What would you like to see done about the issue?

I’ve been working with thinkers and professional associations to launch a petition to the UK government. If we get 100,000 signatures we can force a debate in parliament, which should be focused on making sure organisations comply with the part of corporate law that requires them to take into consideration the interests of all stakeholders, not just short-term profit maximisation. It’s something I would like to try – and if we don’t try, we will never know.

What role can HR play in these sorts of shifts?

My message to HR directors is: ‘Can you please change your job title?’ Because humans are not replenishable resources – they are sources of value creation. Another way of looking at it, as someone put it to me recently, is to move away from human resources to resourceful humans. But whatever we call HR, it needs visibility at board level, a voice and a clear role to empower people, train and develop them and build more human ways of appraising them than just ticking boxes.

Once you begin consciously thinking about relating to other people in a different way, it becomes an unconscious competence. From there, you start finding the purpose of work, asking what you do that affects other individuals and wider society – seeing business as a force for good, as Peter Drucker put it. That would be a pretty good place to start, I think.  

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Comments (4)
  • The elephant in the room is self-interest,which dominates organisational behaviour.

  • The difference now, I feel, is that there is more and more consistency in the message from a wider range of professionals and contexts. If you read or watch Dan Pink, Simon Sinek etc these messages are common over the last 5-6 years, but a lack of strong leadership and willingness to acknowledge that the current operating platform (reference Dan Pinks book Drive there) is broken has held us back. We should be focussing more on intrinsic motivators and not carrot and stick extrinsic motivators, which we are still stuck in the dark ages offering.

    Shining lights such as Virgin and Unilever should not be held aloft as exceptions, all organisations should be focussing on these companies as aspirational with a desire to learn how they can have people genuinely at the centre of everything they do, yet still turn fantastic profits whilst many of the rest 'use' their employees to try and reach profits.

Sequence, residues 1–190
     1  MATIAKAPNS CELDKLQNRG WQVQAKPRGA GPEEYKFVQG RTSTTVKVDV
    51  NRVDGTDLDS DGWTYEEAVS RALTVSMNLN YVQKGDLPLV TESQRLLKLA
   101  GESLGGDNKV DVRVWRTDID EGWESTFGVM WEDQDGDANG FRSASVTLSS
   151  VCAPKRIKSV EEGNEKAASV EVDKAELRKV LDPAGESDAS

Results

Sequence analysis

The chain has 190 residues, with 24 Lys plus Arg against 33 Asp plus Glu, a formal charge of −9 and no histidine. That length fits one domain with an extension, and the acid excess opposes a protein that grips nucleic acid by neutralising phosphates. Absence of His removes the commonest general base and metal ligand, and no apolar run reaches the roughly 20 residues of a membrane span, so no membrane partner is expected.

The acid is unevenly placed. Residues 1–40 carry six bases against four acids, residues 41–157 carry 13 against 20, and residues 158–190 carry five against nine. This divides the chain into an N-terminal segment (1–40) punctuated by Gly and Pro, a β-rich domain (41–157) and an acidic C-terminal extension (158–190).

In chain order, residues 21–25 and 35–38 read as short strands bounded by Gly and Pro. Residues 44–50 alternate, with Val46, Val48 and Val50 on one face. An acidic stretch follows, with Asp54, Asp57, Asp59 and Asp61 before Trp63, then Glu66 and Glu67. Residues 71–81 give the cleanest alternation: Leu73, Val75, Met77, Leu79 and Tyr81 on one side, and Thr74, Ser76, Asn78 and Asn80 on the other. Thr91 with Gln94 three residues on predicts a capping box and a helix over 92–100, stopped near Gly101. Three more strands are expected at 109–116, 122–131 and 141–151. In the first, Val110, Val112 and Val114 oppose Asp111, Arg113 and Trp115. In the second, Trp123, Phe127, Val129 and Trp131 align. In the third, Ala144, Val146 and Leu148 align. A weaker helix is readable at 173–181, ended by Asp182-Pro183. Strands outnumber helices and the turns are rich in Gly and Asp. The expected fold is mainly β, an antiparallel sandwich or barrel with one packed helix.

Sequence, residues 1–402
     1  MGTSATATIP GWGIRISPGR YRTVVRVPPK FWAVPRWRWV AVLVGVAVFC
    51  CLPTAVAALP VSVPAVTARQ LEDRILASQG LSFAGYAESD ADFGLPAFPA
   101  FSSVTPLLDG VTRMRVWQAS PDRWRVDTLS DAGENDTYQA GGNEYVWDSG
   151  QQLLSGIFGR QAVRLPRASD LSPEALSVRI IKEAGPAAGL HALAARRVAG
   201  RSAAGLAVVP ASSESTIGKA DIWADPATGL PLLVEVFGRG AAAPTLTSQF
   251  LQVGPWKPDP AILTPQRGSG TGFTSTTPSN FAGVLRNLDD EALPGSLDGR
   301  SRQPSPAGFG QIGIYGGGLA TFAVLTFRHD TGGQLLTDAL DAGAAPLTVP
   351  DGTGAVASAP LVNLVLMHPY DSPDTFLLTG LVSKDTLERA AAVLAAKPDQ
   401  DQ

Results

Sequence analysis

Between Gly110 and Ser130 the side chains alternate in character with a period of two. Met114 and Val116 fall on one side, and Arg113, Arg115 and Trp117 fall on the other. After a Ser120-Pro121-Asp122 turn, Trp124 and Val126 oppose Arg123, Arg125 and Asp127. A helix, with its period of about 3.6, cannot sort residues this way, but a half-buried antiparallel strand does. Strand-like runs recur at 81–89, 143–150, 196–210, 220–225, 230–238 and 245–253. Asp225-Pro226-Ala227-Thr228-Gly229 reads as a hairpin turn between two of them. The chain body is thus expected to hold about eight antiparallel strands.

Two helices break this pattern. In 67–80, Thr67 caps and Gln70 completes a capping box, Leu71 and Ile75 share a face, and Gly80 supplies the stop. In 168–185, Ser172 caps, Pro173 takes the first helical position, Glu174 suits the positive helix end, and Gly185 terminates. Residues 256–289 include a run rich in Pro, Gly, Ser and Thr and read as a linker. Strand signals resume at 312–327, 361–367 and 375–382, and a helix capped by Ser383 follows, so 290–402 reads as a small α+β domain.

It is all about leadership (inspiration), and of course not just about management (compliance)

  • I agree with Michael Walshe about the need to find the triggers to change the thinking of leaders and managers. Unhappily, many leaders and managers do not receive the exposure required to manage people effectively, and often come into management from a completely different job expecting it to be easy. Much of management is project management, a transactional process, that doesn't engage the manager in the behaviours and attitudes required to achieve peak performance via psychological wellbeing. The most effective trigger appears to be the CEO who understands all this, and demonstrates this in his/her routine behaviour, attitude and approach. However, I am finding that more and more learning and development people are interested in the application of psychology to leadership and management, something I do with helping organisations implement the wellbeing and performance agenda.

  • Interesting - but haven't a number of writers on leadership trodden this path over the years without changing what actually happens in organisations? There is a lot of agreement on the "why" and the "what" but talk of unconscious competence etc has made little change in the last 40 years to the aims of organisations and how they seek to achieve them. This needs a far more radical thought process then repeating past research.